Most of what UFC welterweight Colby Covington said at the post-UFC 272 press conference had to be taken with a grain of salt. In a victory lap, the former interim champ relished the chance to gloat about his win over former teammate-turned-rival Jorge Masvidal.
But one thing stood on its own after all the taunts and insults, and that was Covington’s performance. A unanimous decision was the unquestioned outcome when he and Masvidal put it all on the line for real, and according to Covington, it “wasn’t my best performance.”
“Just a lot of emotions going into it,” Covington explained to MMA Fighting after his main event win on Saturday at T-Mobile Arena. “That was a real friend of mine at one point in my career, and he’s such a backstabbing thief, and he talks so reckless. He tried to make some false narratives to the media and lies like he does – he’s a liar. He’s a thief. So I let the emotions get the best of me, but it was still dominant.
“I just showed how good I was, that I am the No. 1 fighter in the world for a reason, and it wasn’t even competitive tonight.”
There were rumblings before and during the fight that Covington may have been compromised by an injury. Masvidal at one point even indicated his rival may have sought a cortisone injection to deal with a knee injury in training champ. But Covington shot down the idea in trademark fashion.
“That’s fake news,” he said. “It’s funny that that happened, because I told someone intentionally [about the injury], because I wanted to see whose side he was really on – team Jorge or team Colby. So I found out what team he’s on, and I’ve got to keep my circle even smaller going forward.
“But I’m the king of Miami now. Jorge needs to leave the city. It’s not big enough for the two of us. He needs to leave, or he’s going to get sparked again.”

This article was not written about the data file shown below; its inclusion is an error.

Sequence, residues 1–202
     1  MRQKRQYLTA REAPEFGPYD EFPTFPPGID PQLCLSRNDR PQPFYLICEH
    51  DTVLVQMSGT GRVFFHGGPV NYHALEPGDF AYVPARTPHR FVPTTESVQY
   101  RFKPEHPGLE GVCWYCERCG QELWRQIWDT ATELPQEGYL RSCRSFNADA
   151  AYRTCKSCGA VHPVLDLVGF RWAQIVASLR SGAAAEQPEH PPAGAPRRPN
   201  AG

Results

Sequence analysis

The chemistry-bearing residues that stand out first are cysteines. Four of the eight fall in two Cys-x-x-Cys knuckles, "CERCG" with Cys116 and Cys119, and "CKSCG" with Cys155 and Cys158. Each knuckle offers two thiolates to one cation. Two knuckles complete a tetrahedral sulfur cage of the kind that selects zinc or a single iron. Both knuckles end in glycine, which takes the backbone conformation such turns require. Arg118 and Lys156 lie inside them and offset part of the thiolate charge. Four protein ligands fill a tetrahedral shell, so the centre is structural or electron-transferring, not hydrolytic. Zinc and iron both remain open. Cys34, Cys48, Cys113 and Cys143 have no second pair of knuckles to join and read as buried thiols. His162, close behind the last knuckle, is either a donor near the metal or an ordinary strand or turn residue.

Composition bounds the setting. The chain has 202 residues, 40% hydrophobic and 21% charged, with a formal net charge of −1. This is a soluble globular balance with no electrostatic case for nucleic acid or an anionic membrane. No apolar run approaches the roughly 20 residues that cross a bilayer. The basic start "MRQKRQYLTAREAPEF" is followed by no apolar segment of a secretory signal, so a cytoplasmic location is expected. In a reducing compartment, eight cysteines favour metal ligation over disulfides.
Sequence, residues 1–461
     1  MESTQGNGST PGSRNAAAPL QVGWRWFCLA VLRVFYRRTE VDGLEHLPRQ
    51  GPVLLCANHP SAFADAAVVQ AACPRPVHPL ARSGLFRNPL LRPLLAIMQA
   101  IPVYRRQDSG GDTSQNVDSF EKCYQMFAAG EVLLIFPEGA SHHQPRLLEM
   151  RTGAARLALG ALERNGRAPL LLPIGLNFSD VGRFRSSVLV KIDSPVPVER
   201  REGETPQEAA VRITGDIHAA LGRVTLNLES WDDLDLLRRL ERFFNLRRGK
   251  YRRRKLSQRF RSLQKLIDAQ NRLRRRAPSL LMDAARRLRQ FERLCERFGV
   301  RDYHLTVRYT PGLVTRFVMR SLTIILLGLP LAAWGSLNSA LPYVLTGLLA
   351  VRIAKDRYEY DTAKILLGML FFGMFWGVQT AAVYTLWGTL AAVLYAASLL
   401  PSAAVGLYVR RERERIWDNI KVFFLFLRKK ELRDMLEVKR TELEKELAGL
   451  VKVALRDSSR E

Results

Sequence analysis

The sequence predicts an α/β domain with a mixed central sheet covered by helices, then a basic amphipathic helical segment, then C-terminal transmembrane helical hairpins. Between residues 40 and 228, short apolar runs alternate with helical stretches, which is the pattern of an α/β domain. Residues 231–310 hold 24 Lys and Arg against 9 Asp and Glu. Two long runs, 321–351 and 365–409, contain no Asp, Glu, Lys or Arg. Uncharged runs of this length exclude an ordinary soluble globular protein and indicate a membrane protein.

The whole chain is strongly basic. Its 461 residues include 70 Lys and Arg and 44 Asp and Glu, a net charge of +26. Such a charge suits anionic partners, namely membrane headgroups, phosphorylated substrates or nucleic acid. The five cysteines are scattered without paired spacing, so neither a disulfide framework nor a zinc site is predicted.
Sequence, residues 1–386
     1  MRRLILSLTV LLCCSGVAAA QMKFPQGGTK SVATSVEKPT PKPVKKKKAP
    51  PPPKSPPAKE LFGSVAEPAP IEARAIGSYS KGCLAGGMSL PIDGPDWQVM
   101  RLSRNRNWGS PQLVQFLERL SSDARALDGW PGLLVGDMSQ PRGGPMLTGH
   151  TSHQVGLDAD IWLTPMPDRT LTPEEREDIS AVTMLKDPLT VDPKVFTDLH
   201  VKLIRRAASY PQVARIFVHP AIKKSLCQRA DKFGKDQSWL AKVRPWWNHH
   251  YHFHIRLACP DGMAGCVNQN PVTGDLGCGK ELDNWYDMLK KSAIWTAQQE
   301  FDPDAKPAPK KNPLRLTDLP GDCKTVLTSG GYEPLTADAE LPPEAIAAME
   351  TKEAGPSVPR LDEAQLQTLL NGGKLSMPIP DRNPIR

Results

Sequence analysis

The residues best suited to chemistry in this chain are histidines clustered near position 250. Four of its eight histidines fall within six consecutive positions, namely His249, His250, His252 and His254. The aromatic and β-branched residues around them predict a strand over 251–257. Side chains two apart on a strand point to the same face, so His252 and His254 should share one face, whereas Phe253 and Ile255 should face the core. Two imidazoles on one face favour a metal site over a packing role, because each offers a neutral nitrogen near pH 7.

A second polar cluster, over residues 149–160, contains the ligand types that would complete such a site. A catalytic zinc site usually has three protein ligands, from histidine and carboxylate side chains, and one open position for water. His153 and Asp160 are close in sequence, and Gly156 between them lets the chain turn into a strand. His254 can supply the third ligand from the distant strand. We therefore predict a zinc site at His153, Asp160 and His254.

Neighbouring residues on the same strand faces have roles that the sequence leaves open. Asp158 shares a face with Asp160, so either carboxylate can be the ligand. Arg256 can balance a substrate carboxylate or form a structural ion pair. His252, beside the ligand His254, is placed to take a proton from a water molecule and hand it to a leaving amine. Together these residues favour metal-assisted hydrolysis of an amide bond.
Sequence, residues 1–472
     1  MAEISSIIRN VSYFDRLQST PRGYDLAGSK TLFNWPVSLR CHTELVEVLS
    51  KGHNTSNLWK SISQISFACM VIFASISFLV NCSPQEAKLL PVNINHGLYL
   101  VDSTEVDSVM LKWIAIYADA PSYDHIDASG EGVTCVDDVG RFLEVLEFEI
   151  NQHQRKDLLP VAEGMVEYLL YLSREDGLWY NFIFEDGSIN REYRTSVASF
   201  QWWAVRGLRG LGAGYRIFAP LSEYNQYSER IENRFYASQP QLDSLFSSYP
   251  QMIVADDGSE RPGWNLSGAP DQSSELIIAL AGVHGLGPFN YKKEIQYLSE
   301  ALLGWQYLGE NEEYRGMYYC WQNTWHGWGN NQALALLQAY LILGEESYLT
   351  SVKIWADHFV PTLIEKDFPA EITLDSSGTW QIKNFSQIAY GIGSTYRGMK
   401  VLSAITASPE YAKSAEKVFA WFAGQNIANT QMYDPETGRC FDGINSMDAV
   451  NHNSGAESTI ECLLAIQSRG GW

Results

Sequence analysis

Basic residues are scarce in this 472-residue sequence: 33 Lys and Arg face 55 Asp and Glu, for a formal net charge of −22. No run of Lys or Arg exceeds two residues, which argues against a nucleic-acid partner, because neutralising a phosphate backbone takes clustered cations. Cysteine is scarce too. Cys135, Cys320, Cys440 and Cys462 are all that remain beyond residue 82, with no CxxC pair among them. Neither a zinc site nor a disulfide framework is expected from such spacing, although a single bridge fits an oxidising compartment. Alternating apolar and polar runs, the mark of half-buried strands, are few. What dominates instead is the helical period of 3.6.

Masvidal didn’t submit to Covington verbally after 25 minutes in the cage. Even a hard-fought contest didn’t blunt the feelings of hatred between the fighters, and Covington’s cornermen exchanged words with Masvidal after a burst of expletives in the moments following the conclusion of the headliner.
“He was still running his mouth,” Covington said. “It’s like, dude, you just got pounded out. You got dropped, wobbled. Just a complete domination from second one to minute 25. You could see in his body language, he literally didn’t have another one minute to go, so just imagine if there wasn’t a ref there tonight. His life would have been over.
“So, that’s the end of ‘Street Judas.’ I don’t want to hear any more talk of Street Judas, the hype machine that hit lightning in a bottle for a couple fights. He’s done. I don’t want to hear another word about it.”
Immediately after his win over Masvidal, Covington had his sights already set on another target, or at least a familiar one. Former interim lightweight champion Dustin Poirier, another training partner-turned-rival at his former gym American Top Team, was on the receiving end of a verbal tirade as Covington took the post-fight mic.
On Twitter, Poirier tweeted his response while apparently on vacation in Jamaica, using a slur in Jamaican patois to describe Covington.
A third crack at Kamaru Usman is Covington’s ultimate goal. But with the UFC welterweight champion sidelined by a hand surgery, the brash “Chaos” has decided to settle another score.
“Let’s do it, bro,” he said in response to Poirier’s tweet. “He said it’s on sight. Let’s do it. Stop talking reckless in the media. If I talk to the media and say things, I come out here and back it up. I’m a man of my word.
“So we can do it anywhere. We don’t have to do it in the UFC octagon. If he wants to do it in a park, or in a street, my one stipulation is that you let the world watch it and enjoy themselves.”